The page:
Our vendors: Chao-you Chen (The Big Issue Taiwan, Taipei, Taiwan)

By Yu-ruei Lu, The Big Issue Taiwan

At 7pm, there are lots of people who have just left work or school at the second exit of the Xihu metro station. With copies of the magazine in his hands, Chen is standing on the pavement about 20 metres away from the exit, waiting for passersby to buy them from him. “The selling usually moves slowly at the end of the month,” he says. “It didn’t go well today. Only three magazines sold…” Despite the lack of sales, Chen is standing straight with his head held high.

Chen joined the magazine-selling team at The Big Issue Taiwan at the beginning of this year. Despite having only five months of selling experience under his belt thus far, he’s been cleverly and actively looking for his own way of making a living by doing this type of work. “At first, I was only selling at Minquan West Road Station. I tried at Chiang Kai-shek Memorial Hall Station as well, but it didn’t really work,” Chen tells me. “I then recalled my previous job in Neihu where I held banner ads for a construction company. I remembered there were big crowds, and there happened to be no magazine sellers in that area, so I volunteered to ‘develop’ business at Xihu station. Now I sell here every Thursday and Friday evening!” Chen says with pride.

Chao-you Chen, magazine seller at Xihu station. Credit: Yu-ruei Lu / The Big Issue Taiwan

In 2003, he worked as a maintenance assistant at Taipei Railway Workshop, a national historic site, where he cleaned car engines. Unfortunately, he threw his back out at work when moving heavy objects, which has led to him being incapable of doing heavy manual labour jobs ever since. With the help of a job placement, he found a job as a cleaner at a hotel in Wulai Hot Spring Township. Although the hotel offered free meals and accommodation, Chen quit the job within a year because the pain in his lower back wasn’t improving. Day after day, he went without a steady job, and he eventually ran out of money in the autumn of 2006. He started visiting Good 119 [a Christian centre based in Taiwan, which aims to help people in need, provides free services and sets up churches] for a free lunch, as well as taking a free bento from The Salvation Army in the afternoon. Afterwards, on his friend’s recommendation, Chen got a job holding banner ads, which he did from 2006 to the beginning of this year when he switched to selling The Big Issue Taiwan. “I’d been holding banner ads on the street for nearly 10 years. Rain or shine, my life had been spent doing that,” says Chen, speaking in Taiwanese Hokkien.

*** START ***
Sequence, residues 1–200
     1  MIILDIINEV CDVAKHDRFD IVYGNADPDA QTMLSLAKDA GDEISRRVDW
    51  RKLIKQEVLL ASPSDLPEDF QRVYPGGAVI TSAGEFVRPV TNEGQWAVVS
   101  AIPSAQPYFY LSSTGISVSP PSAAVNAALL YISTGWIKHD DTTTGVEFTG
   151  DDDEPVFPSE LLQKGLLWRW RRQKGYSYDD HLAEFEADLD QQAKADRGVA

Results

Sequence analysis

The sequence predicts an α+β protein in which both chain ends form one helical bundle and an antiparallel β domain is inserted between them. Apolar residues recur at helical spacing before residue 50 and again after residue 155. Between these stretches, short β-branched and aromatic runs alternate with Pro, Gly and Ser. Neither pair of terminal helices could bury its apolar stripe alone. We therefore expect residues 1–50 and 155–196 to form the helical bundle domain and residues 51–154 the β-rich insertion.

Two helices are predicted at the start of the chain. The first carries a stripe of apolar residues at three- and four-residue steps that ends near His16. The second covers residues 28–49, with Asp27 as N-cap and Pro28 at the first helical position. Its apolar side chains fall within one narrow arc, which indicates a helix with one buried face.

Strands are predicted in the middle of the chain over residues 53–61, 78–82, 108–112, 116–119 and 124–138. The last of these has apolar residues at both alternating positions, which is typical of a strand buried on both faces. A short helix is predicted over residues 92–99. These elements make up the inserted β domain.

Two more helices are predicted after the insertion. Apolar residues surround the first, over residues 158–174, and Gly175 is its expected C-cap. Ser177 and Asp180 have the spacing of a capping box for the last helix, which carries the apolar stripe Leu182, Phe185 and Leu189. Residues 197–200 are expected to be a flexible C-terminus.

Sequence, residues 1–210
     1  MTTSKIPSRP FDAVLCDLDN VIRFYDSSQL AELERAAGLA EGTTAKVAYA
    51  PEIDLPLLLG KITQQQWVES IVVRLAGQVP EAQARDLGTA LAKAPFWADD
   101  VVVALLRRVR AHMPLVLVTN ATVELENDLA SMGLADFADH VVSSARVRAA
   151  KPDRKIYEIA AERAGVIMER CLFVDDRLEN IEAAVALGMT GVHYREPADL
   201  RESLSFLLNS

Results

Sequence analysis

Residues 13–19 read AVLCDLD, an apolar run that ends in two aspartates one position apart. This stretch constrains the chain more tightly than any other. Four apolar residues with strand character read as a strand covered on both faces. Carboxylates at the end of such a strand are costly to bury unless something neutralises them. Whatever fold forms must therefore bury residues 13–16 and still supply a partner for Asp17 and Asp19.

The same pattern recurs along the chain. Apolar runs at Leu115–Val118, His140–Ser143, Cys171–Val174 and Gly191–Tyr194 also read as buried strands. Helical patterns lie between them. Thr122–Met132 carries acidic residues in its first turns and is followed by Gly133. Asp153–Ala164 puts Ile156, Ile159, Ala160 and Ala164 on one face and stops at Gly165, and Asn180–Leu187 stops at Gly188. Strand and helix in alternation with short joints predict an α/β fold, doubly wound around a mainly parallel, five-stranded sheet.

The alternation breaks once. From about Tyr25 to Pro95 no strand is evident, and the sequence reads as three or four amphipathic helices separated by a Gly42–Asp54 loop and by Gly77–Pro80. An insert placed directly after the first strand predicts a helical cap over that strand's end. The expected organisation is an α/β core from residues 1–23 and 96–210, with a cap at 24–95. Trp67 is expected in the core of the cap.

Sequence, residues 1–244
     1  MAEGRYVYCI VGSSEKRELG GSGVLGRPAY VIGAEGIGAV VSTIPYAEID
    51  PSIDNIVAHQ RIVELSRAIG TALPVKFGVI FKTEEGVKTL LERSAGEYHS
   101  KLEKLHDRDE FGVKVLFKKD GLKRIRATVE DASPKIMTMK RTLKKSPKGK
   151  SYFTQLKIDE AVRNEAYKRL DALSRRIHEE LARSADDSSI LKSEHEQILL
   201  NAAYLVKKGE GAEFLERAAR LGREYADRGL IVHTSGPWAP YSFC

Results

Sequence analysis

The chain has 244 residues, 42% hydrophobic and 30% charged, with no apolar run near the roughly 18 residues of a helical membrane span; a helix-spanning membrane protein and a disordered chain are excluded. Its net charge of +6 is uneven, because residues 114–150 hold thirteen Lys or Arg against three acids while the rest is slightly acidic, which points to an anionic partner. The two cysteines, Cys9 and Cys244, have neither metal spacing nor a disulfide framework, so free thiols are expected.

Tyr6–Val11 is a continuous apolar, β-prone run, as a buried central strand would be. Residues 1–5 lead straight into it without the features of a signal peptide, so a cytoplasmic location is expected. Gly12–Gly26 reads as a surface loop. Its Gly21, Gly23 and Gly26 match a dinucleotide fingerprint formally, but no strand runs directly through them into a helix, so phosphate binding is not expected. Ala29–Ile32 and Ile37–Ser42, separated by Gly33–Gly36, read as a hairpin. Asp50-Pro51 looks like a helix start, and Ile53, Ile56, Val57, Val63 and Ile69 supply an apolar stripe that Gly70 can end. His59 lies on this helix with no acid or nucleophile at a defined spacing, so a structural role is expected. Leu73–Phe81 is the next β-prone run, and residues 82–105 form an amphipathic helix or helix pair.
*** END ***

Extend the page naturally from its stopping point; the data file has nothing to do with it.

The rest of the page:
In 1976, when Chen finished his military service, Taiwan’s construction industry was just about to boom as houses were being built all over Taipei. “I entered the construction industry after finishing military service. My job title was ‘assistant engineer’, but I was actually doing layouts, which we nicknamed ‘cross-slitting’, on construction sites. Not until the layout was done could construction companies start their work. Now that I think about it, it was a pretty grand job at the time,” Chen recalls.

Chao-you Chen, magazine seller at Xihu station. Credit: Yu-ruei Lu / The Big Issue Taiwan

The number of people moving in and around the metro exit gradually decreases after 8pm and Chen is already supposed to have finished work. It’s quite unlikely that he’ll sell any more magazines today. “I’m about to pack up and leave,” he tells me. “I’m pretty old now. I’ve come to know what life is like – and life is a snob. I’m very grateful to the magazine company for providing me with the job. Considering my current health condition, it’s really difficult for me to find any other sort of work,” he adds.

Chen tells me that he still watches glove puppetry at temples once in a while, which was something that he used to do during his banner-holding period and which he found very relaxing. After Chen leaves me and I’m standing in the empty street under the cover of night, I realise that Chen left the story of his life in the 90s time untold. I wonder what he was up to then.

Translated by Sunny Tseng (Taiwan)